10 reasons why, even in 2020, Liverpool is still our Capital of Culture
3 years ago
Liverpool relinquished the Capital of Culture crown at the start of 2009, passing it to the city of Vilnius in Lithuania. The good news is, we’ve not only maintained our cultural legacy, but further built on it.
National Museums Liverpool
National Museums Liverpool has charitable status and is England’s only national museums group based entirely outside London. It comprises of eight different venues. During the summer 2020 as the Black Lives Matter movement gained more momentum our International Slavery Museum, commemorating the history and legacy of the slave trade, came to the nation’s attention.
Independent record labels
Liverpool’s music scene in 2020 may be navigating its way around the impact of corona virus, meaning gigs and festivals like LIMF and Sound City are postponed until 2021, but our local record labels are more than keeping their end up. Modern Sky are celebrating the success of albums from The Lathums, The Lottery Winners and Jamie Webster, whilst Eggy Records this summer released their first ever vinyl release, Eyesore & the Jinx’s The Exile Parlour EP.
John Lennon died almost 40 years ago, but his legacy continues in Liverpool, his widow Yoko Ono becoming a real friend to the city by enabling and supporting culture here. A long time supporter of the University of Liverpool, she founded the John Lennon Memorial Scholarships to help local students financially in need, amongst other contributions. Because of the special relationship, the uni is to name a new 400 seat performance facility The Yoko Ono Lennon Centre. The University’s popular Lunchtime Concert Series will take place there and a programme of new public-facing cultural highlights including concerts, lectures, is planned.
The Baltic is a thriving and fast growing area home to a number of digital and creative businesses, and start-ups. A 15 minute walk from the city centre, it’s become a popular destination for eating and drinking with an eclectic collection of bars and eateries, Camp and Furnace and Constellations to name just two, plus live music. It was the natural location for Sound City when the festival made a welcome return to the city centre in 2018. Grassroots arts festival Threshold takes place there too, across a number of venues.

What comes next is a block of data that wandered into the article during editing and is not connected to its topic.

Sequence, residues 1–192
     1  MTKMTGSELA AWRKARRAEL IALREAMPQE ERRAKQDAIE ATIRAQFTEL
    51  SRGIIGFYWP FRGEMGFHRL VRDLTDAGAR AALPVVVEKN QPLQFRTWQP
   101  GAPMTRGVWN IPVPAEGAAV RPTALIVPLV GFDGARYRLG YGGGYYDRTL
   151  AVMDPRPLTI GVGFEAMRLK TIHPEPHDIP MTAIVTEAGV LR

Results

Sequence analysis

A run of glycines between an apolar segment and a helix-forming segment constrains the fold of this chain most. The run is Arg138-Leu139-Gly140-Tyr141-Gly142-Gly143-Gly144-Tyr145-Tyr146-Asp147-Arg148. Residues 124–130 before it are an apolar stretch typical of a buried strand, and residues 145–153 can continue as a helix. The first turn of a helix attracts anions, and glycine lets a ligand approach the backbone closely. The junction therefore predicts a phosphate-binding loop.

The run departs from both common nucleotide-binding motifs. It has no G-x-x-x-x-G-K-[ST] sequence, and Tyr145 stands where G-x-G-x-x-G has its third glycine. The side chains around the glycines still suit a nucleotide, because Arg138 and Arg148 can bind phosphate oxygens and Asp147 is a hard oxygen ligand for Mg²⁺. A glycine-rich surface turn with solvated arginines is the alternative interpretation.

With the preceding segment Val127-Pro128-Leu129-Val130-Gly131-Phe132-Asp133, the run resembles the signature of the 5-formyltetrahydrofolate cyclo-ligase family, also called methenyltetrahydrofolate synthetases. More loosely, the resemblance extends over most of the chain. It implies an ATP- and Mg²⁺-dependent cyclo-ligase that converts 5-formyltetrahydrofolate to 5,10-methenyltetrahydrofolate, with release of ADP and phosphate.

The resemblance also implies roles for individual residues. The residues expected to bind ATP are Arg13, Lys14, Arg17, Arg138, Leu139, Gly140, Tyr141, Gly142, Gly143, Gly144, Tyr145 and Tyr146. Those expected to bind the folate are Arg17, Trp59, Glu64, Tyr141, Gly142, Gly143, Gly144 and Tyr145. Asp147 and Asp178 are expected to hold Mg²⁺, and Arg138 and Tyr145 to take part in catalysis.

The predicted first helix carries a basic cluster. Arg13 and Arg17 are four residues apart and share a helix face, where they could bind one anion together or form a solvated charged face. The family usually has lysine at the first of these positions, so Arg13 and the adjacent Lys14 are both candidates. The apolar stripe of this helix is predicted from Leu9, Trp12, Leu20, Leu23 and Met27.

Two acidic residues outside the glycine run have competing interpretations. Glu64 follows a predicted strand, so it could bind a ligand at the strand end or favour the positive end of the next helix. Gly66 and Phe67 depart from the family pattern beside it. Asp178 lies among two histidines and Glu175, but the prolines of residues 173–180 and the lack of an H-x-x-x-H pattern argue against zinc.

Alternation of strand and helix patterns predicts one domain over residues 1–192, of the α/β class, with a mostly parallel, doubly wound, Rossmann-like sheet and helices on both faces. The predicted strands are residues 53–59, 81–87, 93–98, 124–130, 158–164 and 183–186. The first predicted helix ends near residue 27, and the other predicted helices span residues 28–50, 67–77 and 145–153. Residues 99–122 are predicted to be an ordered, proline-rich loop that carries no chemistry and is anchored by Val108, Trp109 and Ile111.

Baltic Triangle 'Wings'
The ‘Wings’ quickly became the most popular street art in Liverpool in 2017, and are still a major talking point. Created by local artist Paul Curtis, the magnificent pair of painted wings appeared on a wall on Jamaica Street, and are a magnet for locals and tourists alike. Who hasn’t taken a trip up there, positioned themselves between the wings and been magically transformed into a Liver Bird?
picture credit: baltictriangle.co.uk
Indian restaurant Mowgli sums up the progress Liverpool has made since 2008 to become a city with a high quality selection of culinary destinations. Nisha Katona aimed for Mowgli to challenge stereotypes around Indian food being unhealthy, and has absolutely succeeded. She has expanded Mowgli outside the city and now there are 12 restaurants across the UK. Nisha is now a much sought after food writer and was awarded an MBE in the 2019 New Years Honour list for services to the Food Industry. And it all started in Liverpool!
This Anfield bakery opposite Liverpool Football Club took on new life after the building was used for the 2011 Biennial arts festival. Biennial activities that year inspired local interest and so Homebaked, a community land trust and co-operative bakery, was born. All profits from those delicious Scouse pies in the bakery itself, and for sale at festivals, markets and so forth are re-invested in training and events for local people
The project is co-owned and co-produced by people who live and work in the area, and the big dream is to regenerate the high street ‘brick by brick and loaf by loaf’.
Liverpool’s Premier League win in 2020 is well known inside the city and out of it but the Club’s community work is a big part of their contribution more locally. This summer Liverpool FC’s community team Red Neighbours took the trophy on a local mini-tour, stopping at Marie Curie’s Woolton Hospice so that doctors, nurses and staff had the chance to get their picture taken with it. The visit was a thank you for all their work and dedication looking after patients and families during the pandemic.
Liverpool City Region Combined Authority last month released their post-COVID-19 Economic Recovery Plan. Everton FC’s plan to replace Goodison Park with a stadium at Bramley Moore Dock on the banks of the River Mersey is one of the key points. The club will consult fans in many aspects of the stadium, such as design and capacity. American architect Dan Meis, famously responsible for the famous Staples Centre in Los Angeles is expected to design the new Everton stadium.
Of course Liverpool boasts remarkable classical architecture right across the city, but the design of buildings built in more recent times have won acclaim and status themselves. The Everyman Theatre on Hope Street won the Stirling prize for architecture in 2014, awarded by the Royal Institute of British Architects (Riba). Designed by Haworth Tompkins, the theatre beat off competition from the bookies’ favourite of the LSE’s student centre in Aldwych, as well as the Shard and the Olympic aquatics centre.